Reintroduced to Parliament on 12 May, the Environment Bill (the “Bill”) is expected to enter into force in autumn 2021, ahead of the UK hosting COP26 in Glasgow in November.
The Bill sets out a legal framework for environment governance and the setting of long-term and legally binding targets, plans and policies on a range of matters which include:
Targets to improve the natural environment, air quality, water, biodiversity, resource efficiency and waste reduction.
The integration of environmental considerations into policy making.
The establishment of a new body - the Office for Environmental Protection (the “OEP”).
New duties on legislators to make parliamentary statements and reports about the impact of polices on the environment.
A new biodiversity gain in planning.
Increased requirements that go towards reducing waste and increasing resource efficiency, including requirements such as including future maintenance and repair obligations on retailers.
We consider the Bill in its current form, including recently announced amendments.
Targets for the natural environment, air quality, water, biodiversity, resource efficiency and waste reduction
The Secretary of State may set long term (15 years or more) targets in respect of any matter which relates to (a) the natural environment, or (b) people’s enjoyment of the natural environment. However, in priority areas, at least 1 long term target must be set. The priority areas being water regulation, the protection of biodiversity in developments and projects, the regulation of air quality and resource efficiency and waste reduction.
There is a separate requirement to set a target (not necessarily long term) in respect of PM2.5 (fine particulate matter with a diameter of less than 2.5 micrometres across).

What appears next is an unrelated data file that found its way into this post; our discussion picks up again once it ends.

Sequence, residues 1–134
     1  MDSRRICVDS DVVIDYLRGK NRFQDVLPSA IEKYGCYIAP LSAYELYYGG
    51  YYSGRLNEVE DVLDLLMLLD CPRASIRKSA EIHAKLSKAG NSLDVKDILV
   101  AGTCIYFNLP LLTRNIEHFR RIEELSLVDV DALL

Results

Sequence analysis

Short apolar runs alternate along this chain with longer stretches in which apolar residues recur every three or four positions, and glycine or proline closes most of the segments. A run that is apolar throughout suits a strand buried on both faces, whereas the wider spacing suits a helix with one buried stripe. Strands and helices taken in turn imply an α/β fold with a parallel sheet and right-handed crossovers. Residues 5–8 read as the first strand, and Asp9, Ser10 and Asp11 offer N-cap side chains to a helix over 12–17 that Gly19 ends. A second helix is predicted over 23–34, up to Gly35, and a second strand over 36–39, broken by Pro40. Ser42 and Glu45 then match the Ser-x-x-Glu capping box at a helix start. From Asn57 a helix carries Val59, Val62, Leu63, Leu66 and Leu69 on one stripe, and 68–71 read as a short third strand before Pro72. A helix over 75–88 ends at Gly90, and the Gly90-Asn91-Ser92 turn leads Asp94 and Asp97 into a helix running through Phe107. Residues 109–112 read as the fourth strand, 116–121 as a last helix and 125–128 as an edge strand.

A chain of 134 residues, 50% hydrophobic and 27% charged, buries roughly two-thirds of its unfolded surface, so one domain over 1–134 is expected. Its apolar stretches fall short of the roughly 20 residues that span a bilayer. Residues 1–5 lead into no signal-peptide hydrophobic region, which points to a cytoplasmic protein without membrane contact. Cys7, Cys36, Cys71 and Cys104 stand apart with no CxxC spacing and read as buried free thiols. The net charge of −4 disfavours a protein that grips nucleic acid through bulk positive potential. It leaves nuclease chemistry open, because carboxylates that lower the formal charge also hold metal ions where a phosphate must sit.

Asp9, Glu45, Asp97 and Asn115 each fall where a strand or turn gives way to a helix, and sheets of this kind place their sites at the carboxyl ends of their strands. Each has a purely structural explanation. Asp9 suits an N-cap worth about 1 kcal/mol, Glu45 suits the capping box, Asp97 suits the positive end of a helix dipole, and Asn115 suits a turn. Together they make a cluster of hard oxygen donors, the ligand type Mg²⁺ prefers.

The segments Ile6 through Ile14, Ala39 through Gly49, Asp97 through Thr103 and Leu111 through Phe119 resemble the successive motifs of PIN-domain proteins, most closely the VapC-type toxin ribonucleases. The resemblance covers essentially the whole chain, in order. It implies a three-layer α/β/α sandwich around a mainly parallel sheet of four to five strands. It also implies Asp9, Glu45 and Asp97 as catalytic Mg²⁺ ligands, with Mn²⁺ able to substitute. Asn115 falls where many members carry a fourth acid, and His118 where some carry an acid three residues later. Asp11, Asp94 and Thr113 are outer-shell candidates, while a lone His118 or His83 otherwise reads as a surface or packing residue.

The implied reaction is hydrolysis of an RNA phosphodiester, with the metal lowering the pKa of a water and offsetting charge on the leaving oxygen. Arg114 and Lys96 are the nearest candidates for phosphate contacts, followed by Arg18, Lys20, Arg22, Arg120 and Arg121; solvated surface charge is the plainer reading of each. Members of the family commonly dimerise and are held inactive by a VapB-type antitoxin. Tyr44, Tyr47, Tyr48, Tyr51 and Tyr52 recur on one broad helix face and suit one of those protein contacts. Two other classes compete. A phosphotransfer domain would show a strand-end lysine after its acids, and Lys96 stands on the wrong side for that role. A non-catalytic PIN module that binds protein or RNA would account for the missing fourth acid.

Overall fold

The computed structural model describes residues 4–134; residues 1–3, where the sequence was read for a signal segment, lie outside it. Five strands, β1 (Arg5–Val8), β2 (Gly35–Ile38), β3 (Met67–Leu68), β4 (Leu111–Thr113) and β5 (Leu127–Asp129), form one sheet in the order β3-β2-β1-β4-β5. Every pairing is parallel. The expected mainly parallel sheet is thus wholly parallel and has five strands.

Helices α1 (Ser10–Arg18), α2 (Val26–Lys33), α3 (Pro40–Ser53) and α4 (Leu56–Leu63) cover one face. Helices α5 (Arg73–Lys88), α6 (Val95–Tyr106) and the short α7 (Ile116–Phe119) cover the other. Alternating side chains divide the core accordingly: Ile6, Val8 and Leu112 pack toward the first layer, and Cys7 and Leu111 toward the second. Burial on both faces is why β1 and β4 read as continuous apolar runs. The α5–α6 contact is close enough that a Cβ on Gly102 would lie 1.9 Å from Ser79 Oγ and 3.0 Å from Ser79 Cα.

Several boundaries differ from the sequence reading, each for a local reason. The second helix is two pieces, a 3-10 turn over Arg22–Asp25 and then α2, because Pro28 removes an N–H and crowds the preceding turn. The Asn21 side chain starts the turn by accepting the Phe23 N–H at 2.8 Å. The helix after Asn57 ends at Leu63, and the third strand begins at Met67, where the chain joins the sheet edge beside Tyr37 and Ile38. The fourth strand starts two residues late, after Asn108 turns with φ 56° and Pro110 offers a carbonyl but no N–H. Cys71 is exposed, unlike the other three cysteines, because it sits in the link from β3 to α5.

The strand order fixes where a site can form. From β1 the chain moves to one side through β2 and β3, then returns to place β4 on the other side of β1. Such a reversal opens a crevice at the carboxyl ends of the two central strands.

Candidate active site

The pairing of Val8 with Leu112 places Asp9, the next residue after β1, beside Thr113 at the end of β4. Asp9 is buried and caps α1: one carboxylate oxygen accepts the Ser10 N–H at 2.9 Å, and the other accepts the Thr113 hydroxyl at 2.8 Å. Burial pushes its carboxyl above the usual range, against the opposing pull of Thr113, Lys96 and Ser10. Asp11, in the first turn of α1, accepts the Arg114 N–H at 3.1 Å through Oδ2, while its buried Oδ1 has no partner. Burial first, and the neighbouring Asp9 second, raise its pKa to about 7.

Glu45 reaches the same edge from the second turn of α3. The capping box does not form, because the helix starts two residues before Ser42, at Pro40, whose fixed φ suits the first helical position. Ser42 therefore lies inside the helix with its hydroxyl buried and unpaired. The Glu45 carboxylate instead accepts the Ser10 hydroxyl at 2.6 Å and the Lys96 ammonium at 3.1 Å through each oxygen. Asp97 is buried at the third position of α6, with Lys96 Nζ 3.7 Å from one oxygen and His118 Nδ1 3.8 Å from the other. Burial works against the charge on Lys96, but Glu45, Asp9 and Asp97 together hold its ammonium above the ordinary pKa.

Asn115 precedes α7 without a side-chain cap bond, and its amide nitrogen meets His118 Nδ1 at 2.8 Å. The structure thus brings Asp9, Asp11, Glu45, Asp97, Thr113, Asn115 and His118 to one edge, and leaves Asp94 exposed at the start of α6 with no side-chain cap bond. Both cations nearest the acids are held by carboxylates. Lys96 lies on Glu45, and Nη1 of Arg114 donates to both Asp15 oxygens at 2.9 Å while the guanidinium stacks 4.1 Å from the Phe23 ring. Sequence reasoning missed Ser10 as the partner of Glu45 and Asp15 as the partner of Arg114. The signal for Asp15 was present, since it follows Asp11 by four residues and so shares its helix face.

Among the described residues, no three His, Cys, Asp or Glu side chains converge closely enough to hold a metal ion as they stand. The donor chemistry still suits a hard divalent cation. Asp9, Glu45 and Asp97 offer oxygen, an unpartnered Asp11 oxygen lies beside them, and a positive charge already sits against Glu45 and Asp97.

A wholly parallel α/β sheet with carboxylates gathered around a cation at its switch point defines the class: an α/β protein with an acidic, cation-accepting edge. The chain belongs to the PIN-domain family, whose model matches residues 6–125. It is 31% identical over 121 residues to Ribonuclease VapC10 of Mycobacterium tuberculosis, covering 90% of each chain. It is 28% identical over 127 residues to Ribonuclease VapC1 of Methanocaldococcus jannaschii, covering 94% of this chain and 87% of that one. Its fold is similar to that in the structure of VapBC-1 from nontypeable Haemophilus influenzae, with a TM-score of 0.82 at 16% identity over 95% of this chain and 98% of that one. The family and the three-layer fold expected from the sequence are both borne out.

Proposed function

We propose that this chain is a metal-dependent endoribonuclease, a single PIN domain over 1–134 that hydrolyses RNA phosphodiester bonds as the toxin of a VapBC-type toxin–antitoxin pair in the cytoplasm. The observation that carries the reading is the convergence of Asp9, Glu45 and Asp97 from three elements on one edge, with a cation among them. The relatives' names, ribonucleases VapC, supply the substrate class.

Importantly, it is the duty of the Secretary of State to ensure that the targets set are met. There are also reporting and review requirements.
There are other provisions regarding the regulation of chemicals enabling the amendment of the current regime, and on 18 May 2021, the Environment Secretary George Eustice announced that the Government would set a new legally binding species abundance target for 2030 which will be introduced into the Bill. The Government will also introduce a new power to refocus the Habitats Regulations to ensure that the duties within protected sites, and in the wider countryside and urban areas, reflect the updated targets and environmental framework it creates.
Government policy statement on environmental protection
The Bill will require the Secretary of State to prepare a policy statement on environmental principles explaining how environmental protection should be integrated into policymaking in general. The Bill will create a duty on Ministers of the Crown, to have due regard to the policy statement on environmental principles when making policy, unless any application would have no significant environmental benefit or would be disproportionate to the environmental benefit. The draft policy statement is open for consultation until 2 June 2021.
“When making policy, and where relevant, Ministers will need to consider
An integration principle - policy-makers should look for opportunities to embed environmental protection in other fields of policy that have impacts on the environment.
A prevention principle - government policy should aim to prevent, reduce or mitigate environmental harm.
Rectification at source - if damage to the environment cannot be prevented it should be tackled at its origin.
The polluter pays principle - those who cause pollution or damage to the environment should be responsible for mitigation or compensation.
The precautionary principle - where there are threats of serious or irreversible environmental damage, a lack of full scientific certainty shall not be used as a reason for postponing cost-effective measures to prevent environmental degradation.”
The draft policy statement notes that when considering the environmental impact of a policy, policy-makers also need to take a proportionate approach; the environmental effects that should be considered are those which are both a) likely to occur, and b) likely to have a substantial impact. Environmental impacts will be different for each policy, and these will need to be assessed on a case-by-case basis.
The policy statement provides that, where a future bill contains environmental law, the relevant Minister must acknowledge this and make a statement to the effect that, in their view, the bill will not have the effect of reducing the level of environmental protection provided for by any existing environmental law or they must declare they are unable to make that statement but the Government nevertheless wishes to proceed. Campaigners had advocated for the inclusion of a non-regression provision (i.e. that there would be no regression of EU environmental protection laws), whereas this is absent from the Bill.